My sketchbook project for the Leigh Art Trail 2019 was inspired by the artist Hundertwasser: an artist, architect and ecologist. Here is a selection of pages followed by a Q&A for the art trail…
Q. What artist or art movement is your art book / sketchbook inspired by?
Hundertwasser: artist, architect and ecologist (Born Vienna 1928, Died New
Q. Why did you choose this artist / movement?
I first came across Hundertwasser and
his work during University, where I studied textile design. I love his use of
colour and I’m inspired by the pattern-like style in his paintings and
architecture. More recently I
visited an exhibition of Hundertwasser, Klimt and Schiele at Ateliers des
Lumieres in Paris, which was an immersive experience that rekindled my
Q. Where did your creative process start? (ie, a particular image / idea / colours, etc)
Several years ago, I bought a book of Hundertwasser
postcards of his lost and stolen paintings. I began by selecting some of these to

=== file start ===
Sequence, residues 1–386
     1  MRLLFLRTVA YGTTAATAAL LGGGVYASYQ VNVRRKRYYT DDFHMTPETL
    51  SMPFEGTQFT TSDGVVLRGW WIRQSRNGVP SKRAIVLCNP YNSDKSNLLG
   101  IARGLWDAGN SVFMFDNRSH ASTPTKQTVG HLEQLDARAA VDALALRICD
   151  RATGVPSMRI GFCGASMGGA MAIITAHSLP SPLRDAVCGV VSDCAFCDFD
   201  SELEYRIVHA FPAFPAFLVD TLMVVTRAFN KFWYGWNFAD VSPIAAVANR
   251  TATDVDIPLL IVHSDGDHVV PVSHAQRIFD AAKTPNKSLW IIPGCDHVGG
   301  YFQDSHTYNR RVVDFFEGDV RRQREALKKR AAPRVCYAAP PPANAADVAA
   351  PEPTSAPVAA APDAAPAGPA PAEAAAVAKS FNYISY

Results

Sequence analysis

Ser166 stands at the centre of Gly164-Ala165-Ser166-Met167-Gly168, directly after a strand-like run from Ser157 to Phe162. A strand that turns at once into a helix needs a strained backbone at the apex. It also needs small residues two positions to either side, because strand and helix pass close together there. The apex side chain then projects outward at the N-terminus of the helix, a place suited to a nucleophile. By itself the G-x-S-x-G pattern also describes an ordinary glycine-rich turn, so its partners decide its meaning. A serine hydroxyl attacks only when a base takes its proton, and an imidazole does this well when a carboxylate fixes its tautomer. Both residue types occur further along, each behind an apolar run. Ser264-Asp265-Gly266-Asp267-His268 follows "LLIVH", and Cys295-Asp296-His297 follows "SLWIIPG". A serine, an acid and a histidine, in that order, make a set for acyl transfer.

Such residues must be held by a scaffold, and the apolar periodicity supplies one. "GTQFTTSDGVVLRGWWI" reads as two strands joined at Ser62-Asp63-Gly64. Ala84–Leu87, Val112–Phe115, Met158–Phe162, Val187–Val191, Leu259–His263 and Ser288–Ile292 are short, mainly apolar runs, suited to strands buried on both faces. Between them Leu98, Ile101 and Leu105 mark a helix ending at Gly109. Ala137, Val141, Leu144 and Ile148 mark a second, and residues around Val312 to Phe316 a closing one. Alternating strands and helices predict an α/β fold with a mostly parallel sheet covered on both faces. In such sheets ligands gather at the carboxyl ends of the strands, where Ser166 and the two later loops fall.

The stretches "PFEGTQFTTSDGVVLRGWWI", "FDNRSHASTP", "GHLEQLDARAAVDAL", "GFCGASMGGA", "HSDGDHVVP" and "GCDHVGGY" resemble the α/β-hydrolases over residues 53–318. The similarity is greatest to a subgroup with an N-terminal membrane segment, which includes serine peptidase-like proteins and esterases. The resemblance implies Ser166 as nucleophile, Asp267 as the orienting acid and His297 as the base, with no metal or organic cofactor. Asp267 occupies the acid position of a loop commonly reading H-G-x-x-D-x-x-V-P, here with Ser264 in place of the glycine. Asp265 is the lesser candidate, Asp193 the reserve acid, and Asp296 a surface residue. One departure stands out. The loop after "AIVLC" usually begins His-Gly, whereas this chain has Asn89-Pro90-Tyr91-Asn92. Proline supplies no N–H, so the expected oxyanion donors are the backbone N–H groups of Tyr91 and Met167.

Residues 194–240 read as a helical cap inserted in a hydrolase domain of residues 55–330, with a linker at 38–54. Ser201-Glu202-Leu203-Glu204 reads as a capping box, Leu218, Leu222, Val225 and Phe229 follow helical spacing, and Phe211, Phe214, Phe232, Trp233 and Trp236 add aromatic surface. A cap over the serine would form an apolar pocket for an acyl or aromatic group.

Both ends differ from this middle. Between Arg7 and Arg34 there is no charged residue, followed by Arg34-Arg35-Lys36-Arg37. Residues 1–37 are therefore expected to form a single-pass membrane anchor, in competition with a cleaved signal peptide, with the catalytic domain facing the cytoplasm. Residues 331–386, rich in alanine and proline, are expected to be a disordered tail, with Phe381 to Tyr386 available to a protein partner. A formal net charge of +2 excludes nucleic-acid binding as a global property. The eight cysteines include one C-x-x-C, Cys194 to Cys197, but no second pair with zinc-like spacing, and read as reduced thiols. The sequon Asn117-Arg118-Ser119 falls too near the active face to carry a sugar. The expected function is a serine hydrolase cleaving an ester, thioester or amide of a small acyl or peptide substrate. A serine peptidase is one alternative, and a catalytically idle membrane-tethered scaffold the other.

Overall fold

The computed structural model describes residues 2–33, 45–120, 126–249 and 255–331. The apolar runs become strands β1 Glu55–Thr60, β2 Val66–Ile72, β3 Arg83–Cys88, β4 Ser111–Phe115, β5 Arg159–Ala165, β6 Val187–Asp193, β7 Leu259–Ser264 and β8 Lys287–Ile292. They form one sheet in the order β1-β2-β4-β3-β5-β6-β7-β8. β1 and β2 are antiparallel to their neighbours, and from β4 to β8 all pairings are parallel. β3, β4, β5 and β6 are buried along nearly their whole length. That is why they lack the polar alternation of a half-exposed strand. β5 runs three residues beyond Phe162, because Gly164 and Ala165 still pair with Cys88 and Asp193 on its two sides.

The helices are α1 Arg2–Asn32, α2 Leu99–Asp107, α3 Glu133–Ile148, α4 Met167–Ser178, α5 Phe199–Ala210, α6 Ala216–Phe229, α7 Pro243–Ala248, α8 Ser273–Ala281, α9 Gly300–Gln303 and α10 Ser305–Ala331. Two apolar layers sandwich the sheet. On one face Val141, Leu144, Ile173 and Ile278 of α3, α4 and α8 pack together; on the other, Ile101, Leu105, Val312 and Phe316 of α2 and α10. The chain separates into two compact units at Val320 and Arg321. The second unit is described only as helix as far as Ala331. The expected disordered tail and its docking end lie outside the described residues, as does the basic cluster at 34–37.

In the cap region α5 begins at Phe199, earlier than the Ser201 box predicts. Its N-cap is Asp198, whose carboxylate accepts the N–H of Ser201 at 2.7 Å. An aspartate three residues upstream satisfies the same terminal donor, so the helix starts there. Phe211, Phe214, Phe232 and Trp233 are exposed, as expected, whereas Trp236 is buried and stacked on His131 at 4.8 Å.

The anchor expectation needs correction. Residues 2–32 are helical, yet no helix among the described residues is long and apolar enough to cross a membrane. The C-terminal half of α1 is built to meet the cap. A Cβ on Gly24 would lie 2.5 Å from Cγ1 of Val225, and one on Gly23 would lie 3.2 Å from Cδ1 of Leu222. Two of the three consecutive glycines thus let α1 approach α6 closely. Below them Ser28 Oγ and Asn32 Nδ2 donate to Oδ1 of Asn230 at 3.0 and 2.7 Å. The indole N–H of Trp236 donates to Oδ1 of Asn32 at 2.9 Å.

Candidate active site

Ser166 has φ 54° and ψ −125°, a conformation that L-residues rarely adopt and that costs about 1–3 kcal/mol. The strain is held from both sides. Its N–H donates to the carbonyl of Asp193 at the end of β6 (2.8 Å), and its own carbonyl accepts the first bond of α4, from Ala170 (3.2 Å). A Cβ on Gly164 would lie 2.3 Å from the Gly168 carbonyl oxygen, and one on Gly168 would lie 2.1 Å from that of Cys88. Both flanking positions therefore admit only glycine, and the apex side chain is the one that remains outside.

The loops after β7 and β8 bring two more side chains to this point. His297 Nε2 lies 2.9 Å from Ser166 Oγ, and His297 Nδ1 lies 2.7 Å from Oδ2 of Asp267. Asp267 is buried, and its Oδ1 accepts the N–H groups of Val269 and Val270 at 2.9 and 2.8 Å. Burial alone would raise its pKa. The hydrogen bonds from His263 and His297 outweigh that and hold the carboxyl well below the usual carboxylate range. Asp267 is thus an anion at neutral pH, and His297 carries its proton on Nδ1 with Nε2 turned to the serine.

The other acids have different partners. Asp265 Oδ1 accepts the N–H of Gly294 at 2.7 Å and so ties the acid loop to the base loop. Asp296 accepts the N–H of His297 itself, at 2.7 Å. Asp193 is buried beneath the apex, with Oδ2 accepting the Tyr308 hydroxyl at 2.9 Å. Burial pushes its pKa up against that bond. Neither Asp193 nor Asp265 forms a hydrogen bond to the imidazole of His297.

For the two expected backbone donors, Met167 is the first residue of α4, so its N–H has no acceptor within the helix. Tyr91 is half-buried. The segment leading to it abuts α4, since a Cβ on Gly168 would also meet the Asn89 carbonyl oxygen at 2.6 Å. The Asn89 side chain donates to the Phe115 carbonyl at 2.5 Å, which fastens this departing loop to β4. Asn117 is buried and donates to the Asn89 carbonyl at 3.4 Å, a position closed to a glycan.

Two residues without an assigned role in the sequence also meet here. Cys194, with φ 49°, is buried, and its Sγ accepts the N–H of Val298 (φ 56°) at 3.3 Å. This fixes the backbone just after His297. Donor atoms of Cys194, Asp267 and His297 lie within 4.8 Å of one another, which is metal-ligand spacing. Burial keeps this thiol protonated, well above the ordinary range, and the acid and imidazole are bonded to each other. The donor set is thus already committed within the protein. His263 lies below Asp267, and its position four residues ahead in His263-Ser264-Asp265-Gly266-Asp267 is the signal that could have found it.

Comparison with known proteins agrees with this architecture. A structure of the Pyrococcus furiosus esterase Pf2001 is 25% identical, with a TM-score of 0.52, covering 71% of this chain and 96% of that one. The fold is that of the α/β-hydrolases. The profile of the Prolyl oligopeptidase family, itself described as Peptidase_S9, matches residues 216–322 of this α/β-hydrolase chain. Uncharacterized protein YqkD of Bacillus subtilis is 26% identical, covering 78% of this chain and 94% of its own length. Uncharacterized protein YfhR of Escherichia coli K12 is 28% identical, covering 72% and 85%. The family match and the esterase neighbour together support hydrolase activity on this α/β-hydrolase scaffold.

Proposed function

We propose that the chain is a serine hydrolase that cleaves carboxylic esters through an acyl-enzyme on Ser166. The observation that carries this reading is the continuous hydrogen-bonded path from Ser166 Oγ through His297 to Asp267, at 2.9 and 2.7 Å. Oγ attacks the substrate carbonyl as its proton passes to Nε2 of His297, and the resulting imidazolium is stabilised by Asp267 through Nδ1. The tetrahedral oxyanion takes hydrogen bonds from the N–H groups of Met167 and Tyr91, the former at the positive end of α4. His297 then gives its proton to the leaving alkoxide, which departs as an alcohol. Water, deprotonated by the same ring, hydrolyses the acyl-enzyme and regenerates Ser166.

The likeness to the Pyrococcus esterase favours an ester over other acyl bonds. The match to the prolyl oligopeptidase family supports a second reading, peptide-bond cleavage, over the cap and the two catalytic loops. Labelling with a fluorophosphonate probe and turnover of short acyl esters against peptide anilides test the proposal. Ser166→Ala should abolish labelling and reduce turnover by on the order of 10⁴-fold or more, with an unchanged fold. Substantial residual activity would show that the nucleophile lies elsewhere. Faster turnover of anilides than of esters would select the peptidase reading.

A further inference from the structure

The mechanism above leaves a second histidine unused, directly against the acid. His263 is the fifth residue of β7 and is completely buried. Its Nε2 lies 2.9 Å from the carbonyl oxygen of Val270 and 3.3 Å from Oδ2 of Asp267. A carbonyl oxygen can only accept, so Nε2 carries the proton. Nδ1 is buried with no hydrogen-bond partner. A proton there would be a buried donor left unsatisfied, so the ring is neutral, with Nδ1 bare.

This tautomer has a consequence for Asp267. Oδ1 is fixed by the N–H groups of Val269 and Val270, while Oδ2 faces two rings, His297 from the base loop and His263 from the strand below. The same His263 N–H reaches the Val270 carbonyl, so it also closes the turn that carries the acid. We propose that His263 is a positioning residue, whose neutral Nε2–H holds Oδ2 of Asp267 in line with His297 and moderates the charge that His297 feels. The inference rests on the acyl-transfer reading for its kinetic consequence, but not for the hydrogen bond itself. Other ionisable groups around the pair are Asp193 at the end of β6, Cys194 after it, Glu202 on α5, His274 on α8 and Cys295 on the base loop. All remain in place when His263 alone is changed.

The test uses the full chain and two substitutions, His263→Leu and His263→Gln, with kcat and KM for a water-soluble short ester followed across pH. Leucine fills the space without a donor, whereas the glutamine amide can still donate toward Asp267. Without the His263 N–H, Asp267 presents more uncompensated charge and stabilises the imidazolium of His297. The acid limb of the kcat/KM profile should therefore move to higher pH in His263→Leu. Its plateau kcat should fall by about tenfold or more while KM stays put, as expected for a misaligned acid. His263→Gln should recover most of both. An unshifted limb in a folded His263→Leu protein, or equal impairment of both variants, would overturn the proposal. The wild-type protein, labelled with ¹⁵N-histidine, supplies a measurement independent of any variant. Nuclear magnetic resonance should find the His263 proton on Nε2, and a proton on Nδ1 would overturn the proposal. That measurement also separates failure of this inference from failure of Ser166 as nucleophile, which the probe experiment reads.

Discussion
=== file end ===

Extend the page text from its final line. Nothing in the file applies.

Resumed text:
explore in more detail. Each postcard I chose inspired me to use a different process
as a starting point, i.e. the use of bright colours, the spiral, curved lines,
cut up and reconstruct…
Q. Which idea came first the book or the artwork? Please explain
Having always used bought sketchbooks in
the past I initially thought I would start by creating my own sketchbook to
work into. However, once I started to experiment with the artwork it felt a natural
choice to create separate pages, of a similar size, which I could then organise
and build into a book at the end.
Q. Describe your book – why did you choose this format?
I’ve chosen an oversized landscape
format, as many of his paintings were large scale. The book is divided up into
five sections (he was known as ‘the painter king with five skins’) which are inspired